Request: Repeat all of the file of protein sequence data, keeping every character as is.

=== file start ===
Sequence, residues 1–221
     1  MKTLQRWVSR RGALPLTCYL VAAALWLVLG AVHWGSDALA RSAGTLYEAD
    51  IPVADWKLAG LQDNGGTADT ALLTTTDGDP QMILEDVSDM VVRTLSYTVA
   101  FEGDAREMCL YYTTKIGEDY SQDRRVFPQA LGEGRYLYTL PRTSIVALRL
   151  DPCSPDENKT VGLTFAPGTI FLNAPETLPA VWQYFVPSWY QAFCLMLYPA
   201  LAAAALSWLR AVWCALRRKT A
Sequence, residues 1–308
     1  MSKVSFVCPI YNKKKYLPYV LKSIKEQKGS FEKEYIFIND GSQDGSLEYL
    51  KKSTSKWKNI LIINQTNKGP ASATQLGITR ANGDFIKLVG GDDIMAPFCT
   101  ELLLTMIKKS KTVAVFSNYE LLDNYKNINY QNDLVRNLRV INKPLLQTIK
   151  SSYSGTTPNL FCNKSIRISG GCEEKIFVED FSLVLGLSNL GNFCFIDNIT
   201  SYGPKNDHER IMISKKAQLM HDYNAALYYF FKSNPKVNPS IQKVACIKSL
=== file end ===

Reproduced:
Sequence, residues 1–221
     1  MKTLQRWVSR RGALPLTCYL VAAALWLVLG AVHWGSDALA RSAGTLYEAD
    51  IPVADWKLAG LQDNGGTADT ALLTTTDGDP QMILEDVSDM VVRTLSYTVA
   101  FEGDAREMCL YYTTKIGEDY SQDRRVFPQA LGEGRYLYTL PRTSIVALRL
   151  DPCSPDENKT VGLTFAPGTI FLNAPETLPA VWQYFVPSWY QAFCLMLYPA
   201  LAAAALSWLR AVWCALRRKT A
Sequence, residues 1–308
     1  MSKVSFVCPI YNKKKYLPYV LKSIKEQKGS FEKEYIFIND GSQDGSLEYL
    51  KKSTSKWKNI LIINQTNKGP ASATQLGITR ANGDFIKLVG GDDIMAPFCT
   101  ELLLTMIKKS KTVAVFSNYE LLDNYKNINY QNDLVRNLRV INKPLLQTIK
   151  SSYSGTTPNL FCNKSIRISG GCEEKIFVED FSLVLGLSNL GNFCFIDNIT
   201  SYGPKNDHER IMISKKAQLM HDYNAALYYF FKSNPKVNPS IQKVACIKSL